U.S. DEPARTMENT OF THE INTERIORBUREAU OF LAND MANAGEMENT
REA also requires the Secretaries to establish Recreation Resource Advisory Committees (Recreation RACs -- types of Federal Advisory Committees) to provide recommendations on recreation fee proposals for federal lands managed by the BLM and the US Forest Service. All meetings of Recreation RACs are open to the public and include opportunities for public comment. Under REA, existing BLM Resource Advisory Councils (RACs) may also act as, and perform the duties of, Recreation RACs.
Organization & Recreation RAC/RAC Links
The Secretaries of Interior and Agriculture signed an Interagency Agreement which outlines the interagency approach to complying with REA’s Recreation RAC requirements. It also stipulates where existing BLM RACs will be used to act as Recreation RACs and where new Forest Service-chartered Recreation RACs will be created.
For a complete explanation of the advisory committee organization, including links to each Advisory Committee Web site, visit the Recreation RACs Interactive Map.
Purpose of Recreation RACs
What They Do:
The Recreation RACs provide recommendations on implementing or eliminating standard amenity fees, expanded amenity fees, and non-commercial individual special recreation permit fees; expanding or limiting the recreation fee program; and fee level changes (increases or decreases).
What They Do Not Do:
Recreation RACs do not make recommendations on recreation fee sites operated by a concessionaire or contractor, commercial permits such as outfitting and guiding, or Forest Service special use permits and BLM special recreation permits issued for group events such as bike races.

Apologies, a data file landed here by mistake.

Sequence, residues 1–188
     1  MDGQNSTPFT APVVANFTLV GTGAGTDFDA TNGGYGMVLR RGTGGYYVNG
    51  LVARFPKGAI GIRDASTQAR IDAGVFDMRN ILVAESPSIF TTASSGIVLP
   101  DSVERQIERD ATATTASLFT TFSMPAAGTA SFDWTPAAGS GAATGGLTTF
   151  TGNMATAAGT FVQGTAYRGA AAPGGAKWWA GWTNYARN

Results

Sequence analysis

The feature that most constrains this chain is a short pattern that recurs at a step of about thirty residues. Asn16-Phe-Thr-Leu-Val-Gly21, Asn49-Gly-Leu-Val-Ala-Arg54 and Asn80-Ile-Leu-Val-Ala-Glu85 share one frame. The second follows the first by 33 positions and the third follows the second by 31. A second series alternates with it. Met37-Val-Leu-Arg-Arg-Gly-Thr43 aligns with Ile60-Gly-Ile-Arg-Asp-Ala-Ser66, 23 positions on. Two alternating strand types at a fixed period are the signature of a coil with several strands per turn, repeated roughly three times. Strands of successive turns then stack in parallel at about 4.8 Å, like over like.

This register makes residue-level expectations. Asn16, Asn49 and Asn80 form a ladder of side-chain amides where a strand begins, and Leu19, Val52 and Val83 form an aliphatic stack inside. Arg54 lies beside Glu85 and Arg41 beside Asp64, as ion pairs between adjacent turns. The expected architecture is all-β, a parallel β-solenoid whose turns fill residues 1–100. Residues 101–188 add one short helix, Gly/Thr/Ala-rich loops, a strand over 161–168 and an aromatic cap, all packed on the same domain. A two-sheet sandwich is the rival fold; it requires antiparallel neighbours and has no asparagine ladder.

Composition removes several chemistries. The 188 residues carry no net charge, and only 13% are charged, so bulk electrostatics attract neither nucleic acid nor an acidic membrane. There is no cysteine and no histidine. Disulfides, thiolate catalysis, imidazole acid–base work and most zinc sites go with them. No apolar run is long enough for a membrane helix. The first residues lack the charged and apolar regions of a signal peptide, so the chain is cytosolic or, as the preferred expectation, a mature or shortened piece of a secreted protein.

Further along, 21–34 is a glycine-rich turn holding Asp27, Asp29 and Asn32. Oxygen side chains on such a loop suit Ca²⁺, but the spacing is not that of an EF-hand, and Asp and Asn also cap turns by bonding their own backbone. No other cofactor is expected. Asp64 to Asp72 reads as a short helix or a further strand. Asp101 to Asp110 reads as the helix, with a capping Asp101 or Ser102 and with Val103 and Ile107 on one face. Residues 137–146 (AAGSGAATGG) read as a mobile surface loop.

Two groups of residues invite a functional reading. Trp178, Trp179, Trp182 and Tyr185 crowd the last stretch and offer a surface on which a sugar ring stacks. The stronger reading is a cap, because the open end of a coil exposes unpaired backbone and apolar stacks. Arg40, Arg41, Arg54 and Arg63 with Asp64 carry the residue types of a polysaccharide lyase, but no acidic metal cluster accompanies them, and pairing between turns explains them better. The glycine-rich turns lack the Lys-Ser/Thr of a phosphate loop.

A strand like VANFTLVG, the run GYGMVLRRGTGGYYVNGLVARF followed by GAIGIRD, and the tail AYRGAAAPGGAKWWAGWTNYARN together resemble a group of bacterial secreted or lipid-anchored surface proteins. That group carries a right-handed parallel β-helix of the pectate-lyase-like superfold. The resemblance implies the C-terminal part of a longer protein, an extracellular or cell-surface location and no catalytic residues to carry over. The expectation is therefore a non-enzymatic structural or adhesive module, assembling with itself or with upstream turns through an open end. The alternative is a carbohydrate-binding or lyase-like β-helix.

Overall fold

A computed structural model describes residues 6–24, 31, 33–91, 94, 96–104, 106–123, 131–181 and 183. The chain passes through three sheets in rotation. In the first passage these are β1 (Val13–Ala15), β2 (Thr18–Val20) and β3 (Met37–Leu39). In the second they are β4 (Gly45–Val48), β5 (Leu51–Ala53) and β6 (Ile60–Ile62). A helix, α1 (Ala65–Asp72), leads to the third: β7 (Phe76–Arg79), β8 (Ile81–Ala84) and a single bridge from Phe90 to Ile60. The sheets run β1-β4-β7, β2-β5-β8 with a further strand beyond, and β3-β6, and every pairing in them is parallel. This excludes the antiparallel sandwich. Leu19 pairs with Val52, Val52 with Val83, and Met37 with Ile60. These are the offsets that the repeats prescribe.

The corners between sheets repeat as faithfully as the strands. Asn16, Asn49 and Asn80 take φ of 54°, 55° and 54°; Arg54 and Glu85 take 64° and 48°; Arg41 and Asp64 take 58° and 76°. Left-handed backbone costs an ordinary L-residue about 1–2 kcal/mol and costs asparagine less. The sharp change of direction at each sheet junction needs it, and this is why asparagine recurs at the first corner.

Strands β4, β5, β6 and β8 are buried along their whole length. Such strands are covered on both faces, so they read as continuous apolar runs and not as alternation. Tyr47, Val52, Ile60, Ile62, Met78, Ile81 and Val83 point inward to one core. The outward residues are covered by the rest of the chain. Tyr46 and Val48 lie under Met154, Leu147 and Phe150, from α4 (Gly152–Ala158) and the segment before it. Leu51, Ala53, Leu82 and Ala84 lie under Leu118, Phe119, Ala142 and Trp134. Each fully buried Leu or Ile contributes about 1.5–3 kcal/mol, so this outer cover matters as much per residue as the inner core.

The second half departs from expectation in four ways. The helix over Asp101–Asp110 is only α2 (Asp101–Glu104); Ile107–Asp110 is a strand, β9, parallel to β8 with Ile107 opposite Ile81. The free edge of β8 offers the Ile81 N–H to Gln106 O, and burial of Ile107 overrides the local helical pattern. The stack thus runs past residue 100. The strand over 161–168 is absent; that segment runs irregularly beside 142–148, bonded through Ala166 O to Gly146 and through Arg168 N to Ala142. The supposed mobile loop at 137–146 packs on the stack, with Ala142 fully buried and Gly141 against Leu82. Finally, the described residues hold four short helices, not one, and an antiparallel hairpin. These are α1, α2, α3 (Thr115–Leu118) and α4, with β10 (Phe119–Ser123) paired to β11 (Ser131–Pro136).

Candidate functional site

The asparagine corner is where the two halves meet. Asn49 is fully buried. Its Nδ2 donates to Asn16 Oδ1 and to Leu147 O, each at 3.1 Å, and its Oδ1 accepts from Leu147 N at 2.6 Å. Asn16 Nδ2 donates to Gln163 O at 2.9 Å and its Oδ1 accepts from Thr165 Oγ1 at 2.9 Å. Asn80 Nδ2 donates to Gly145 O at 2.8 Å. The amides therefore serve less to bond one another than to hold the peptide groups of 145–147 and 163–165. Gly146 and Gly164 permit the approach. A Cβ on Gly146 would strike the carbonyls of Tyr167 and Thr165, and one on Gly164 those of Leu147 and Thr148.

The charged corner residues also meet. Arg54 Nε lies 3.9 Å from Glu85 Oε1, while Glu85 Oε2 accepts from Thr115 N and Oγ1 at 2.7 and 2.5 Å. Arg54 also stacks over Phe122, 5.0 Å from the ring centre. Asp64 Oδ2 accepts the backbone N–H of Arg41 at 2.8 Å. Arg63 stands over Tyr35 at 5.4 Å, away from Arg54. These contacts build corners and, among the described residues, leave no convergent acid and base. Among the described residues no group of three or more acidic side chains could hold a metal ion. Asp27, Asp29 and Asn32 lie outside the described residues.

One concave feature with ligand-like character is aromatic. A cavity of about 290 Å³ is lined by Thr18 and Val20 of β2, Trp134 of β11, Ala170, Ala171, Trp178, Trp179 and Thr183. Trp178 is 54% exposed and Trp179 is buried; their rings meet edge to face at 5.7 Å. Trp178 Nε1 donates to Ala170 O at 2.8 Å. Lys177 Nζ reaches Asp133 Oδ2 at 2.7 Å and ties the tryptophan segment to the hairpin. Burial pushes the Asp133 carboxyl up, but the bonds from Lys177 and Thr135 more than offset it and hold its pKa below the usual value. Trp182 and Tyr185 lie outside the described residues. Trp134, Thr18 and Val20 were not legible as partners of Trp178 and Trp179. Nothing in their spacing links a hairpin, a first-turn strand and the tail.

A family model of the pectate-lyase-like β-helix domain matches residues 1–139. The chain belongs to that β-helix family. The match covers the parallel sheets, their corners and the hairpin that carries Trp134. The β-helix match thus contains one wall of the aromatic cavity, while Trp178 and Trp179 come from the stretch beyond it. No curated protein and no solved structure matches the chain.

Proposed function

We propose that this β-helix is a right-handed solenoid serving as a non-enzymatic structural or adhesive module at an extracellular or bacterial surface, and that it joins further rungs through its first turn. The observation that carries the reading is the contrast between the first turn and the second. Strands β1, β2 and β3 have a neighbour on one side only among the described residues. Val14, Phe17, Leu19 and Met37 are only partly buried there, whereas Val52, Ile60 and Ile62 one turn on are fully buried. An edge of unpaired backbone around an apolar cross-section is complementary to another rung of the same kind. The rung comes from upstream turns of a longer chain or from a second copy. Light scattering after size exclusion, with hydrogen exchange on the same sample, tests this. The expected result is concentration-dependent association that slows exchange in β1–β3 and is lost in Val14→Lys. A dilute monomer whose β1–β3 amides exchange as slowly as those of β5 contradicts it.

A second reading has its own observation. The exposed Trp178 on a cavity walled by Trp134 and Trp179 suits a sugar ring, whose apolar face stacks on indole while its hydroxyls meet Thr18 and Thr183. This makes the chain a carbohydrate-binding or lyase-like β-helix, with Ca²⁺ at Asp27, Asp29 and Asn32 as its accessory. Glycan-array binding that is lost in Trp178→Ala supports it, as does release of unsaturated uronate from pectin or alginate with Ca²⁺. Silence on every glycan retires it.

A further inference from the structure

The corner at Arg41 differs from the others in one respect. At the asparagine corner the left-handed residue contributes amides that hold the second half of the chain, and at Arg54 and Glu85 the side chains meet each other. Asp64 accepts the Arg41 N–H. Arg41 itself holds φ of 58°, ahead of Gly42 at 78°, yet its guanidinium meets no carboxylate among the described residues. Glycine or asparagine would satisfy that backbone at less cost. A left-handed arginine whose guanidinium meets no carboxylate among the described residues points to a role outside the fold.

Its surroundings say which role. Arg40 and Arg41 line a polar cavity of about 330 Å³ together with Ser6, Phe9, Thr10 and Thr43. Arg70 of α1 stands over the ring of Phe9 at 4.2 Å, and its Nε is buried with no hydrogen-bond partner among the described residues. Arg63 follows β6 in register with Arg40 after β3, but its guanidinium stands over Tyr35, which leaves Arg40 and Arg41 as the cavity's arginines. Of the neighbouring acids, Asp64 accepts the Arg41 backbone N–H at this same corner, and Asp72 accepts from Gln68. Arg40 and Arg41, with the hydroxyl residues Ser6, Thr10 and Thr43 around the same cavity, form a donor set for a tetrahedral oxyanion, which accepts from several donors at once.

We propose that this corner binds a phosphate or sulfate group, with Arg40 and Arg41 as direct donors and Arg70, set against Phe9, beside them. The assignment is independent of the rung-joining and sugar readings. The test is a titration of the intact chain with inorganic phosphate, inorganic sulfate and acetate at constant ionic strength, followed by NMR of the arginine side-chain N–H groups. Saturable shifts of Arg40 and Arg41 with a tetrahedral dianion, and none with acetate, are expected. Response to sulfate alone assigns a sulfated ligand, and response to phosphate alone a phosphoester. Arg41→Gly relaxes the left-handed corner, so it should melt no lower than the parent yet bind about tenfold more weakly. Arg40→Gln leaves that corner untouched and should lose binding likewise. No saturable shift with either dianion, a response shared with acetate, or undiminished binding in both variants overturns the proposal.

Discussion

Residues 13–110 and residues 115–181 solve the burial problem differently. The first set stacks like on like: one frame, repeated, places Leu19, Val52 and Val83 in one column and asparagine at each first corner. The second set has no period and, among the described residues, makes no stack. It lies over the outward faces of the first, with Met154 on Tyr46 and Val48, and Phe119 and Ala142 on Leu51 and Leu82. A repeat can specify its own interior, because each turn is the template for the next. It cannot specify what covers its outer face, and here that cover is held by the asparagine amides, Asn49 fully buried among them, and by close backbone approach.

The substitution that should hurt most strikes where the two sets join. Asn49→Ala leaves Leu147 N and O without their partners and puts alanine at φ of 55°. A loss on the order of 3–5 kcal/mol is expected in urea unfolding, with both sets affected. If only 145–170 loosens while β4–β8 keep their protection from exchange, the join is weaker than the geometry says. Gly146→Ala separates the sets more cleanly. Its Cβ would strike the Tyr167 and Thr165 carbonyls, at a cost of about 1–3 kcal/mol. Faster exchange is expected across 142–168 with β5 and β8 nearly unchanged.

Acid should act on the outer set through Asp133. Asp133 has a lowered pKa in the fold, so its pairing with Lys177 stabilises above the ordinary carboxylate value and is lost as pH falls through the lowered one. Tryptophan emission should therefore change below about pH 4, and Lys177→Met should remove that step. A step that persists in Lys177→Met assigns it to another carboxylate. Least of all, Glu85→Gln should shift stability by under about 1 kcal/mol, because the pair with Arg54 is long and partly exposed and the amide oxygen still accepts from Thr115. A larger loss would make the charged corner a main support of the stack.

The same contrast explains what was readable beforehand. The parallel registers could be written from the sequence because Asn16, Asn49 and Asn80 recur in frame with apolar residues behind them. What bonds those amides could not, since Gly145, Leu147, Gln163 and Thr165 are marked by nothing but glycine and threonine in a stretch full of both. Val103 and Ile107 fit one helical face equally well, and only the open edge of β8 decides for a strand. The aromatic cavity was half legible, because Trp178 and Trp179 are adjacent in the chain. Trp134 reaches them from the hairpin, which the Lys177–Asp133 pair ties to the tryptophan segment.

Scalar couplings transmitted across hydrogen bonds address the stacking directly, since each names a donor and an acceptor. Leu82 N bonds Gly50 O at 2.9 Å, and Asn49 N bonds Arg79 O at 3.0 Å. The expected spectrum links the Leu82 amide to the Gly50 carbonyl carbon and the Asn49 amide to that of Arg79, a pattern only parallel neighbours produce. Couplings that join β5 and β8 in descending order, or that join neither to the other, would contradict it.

Membership / Application
Recreation RAC Membership (Forest Service-Chartered):
Forest Service-chartered Recreation RACs consist of 11 members who represent the following interests as indicated in REA:
BLM RAC Membership:
Existing Advisory Committees performing the duties of Recreation RACs, such as the BLM Resource Advisory Councils, will retain their current membership. However, these advisory councils may consider establishing subcommittees specifically to address recreation fees.
Each existing BLM RAC consists of 12 to 15 members from diverse interests in local communities, including ranchers, environmental groups, tribes, State and local government officials, academics, and other public land users. The councils have been successful in bringing diverse and often competing interests to the table to deal with issues of mutual concern. This inclusive approach has shown great promise as a means to successfully deal with long-standing public land management issues.
If you are interested in nominating yourself or another candidate to become a member of a public Recreation Resource Advisory Committee (Recreation RAC) or existing BLM Resource Advisory Council (RAC), you can learn how to do so by going through the following links: